Athlete becomes crackerjack SWAT woman police officer
PUTTING her fencing sword and equestrian helmet aside, Chen Cheng, a retired pentathlon athlete, still excels at pistol shooting, running and swimming.
Chen, 30, has gone from sports to law enforcement, becoming one of 35 women on the General SWAT Police Squad of the Shanghai Public Security Bureau.
In Shanghai, the first all-woman SWAT team was established in 1997 with 38 members. Chen joined the team in 2011, the year she retired from sports competition.
“It was a logical move for me because being an athlete is a plus for the job,” she said. “And I really admired SWAT team from TV shows I have watched.”
SWAT stands for “special weapons and tactics.” Its team members are especially trained to deal with dangerous criminals and perilous situations.
In China, most women on the SWAT team are recruited from the world of sports. Very few of them did the usual studies at the police college.
Chen discovered the job was not quite what she initially imagined. Instead of collaring criminals every day, she spends most of her day honing her skills in activities such as fighting, wrestling and firearms practice.
“I had a hard time with fighting skills because I had been a swimmer for a long time, and swimmers don’t have strong muscles in their waists,” Chen said.
But she is a woman who takes practice seriously and works hard. In 2014, she won a gold medal at the national police triathlon competition — a grueling sport that required expertise in cross-country running, swimming and shooting.
She trained so hard, in fact, that she was diagnosed with arrhythmia in 2016, after she suddenly fell ill when swimming — intense physical training being the reason for it.
A year earlier, Chen was one of the four women police officers from Shanghai to represent China in an international anti-terrorism drill held in the Central Asian country of Tajikistan.
In the drill, she teamed up with two male police officers in tactical shooting.
“You couldn’t tell whether a member of the squad was a man or a woman because we were all armed from head to toe,” Chen said. “Women moved a bit more slowly than men, but we were totally up to the job at hand.”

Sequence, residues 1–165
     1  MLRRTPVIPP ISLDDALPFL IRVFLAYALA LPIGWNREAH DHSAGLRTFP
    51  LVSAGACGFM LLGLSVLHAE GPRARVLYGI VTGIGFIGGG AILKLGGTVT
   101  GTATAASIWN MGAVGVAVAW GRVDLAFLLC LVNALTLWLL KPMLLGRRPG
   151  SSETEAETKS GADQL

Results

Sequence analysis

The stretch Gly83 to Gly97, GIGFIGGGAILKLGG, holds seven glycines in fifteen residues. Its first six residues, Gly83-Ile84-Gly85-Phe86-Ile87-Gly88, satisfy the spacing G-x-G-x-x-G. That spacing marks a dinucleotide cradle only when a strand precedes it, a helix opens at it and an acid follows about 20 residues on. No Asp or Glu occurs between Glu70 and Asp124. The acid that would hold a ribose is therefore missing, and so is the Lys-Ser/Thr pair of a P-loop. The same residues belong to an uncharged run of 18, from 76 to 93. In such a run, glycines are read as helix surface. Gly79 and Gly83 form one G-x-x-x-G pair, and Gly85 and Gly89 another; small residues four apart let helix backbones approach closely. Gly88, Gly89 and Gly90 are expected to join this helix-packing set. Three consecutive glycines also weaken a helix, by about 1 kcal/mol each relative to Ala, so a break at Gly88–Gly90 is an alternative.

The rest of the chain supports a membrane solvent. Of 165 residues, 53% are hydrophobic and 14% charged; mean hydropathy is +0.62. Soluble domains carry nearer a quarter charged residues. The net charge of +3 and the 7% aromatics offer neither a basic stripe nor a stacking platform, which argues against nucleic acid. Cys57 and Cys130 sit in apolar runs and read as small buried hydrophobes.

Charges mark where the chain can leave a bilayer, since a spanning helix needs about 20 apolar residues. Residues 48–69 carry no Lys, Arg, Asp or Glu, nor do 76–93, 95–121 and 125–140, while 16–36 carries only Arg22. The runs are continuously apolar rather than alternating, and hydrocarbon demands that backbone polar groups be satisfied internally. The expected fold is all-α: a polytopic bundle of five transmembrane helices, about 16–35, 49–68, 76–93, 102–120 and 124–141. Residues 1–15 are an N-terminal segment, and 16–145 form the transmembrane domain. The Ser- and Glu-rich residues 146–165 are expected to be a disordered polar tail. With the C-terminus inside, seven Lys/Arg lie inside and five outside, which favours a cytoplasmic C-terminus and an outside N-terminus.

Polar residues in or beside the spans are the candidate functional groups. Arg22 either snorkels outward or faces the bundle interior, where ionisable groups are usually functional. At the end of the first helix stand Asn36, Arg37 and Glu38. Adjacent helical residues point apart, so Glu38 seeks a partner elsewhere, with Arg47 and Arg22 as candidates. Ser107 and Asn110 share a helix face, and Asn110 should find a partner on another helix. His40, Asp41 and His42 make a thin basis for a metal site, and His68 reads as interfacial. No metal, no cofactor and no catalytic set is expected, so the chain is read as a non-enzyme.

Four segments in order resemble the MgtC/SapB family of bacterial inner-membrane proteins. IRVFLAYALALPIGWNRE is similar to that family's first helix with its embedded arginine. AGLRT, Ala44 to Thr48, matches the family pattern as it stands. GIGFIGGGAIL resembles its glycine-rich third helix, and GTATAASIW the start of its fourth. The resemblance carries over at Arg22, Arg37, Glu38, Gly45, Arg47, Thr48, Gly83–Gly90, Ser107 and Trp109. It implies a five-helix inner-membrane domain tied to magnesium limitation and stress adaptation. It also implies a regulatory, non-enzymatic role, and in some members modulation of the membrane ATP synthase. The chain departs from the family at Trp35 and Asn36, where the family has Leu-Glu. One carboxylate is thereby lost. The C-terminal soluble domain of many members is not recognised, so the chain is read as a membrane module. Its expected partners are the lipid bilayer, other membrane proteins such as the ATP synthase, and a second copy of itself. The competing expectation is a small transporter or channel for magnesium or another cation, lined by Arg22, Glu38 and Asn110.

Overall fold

Recalling the two weeks spent in the mountains where the drill was held, Chen said there were some hygiene concerns in the living facilities, but that was a minor irritant. Her proudest moment was participating in the flag ceremony.
“That was when I felt that I have to do my very best to make my country proud of me,” she said.
Chen now spends considerable time training new members of the team. She hopes to become a woman coach on the team. At present, most of the coaches are men.
Cheng Dongling, one of the first women to join the SWAT police back in the late 1990s, now serves as deputy head of the current team.
“Just like men, women SWAT police officers usually retire at age 35 and are assigned to other posts within the police,” Cheng said. “Due to injuries and retirement, the team was once left with only four members.”
Cheng said women outclass men in some disciplines.
“In terms of muscle power, women aren’t as good as the men, but they are better at shooting because nimbleness, not strong muscles, is required with firearms,” she explained.
Seeing team members come and go, Cheng said not everyone is up to the challenge.
“Those who stay longest usually have an upbeat personality while still taking the job seriously,” Cheng said. “If they don’t have a positive mental attitude, this job and its repetitive, hard training can easily wear them down.”
Members of Chen’s SWAT team are an average 29 years old. Some of them, including Chen, are still looking for Mr. Right. Cheng, like some of her former colleagues, married a police officer, which makes domestic life easier because both partners understand the rigors of the job.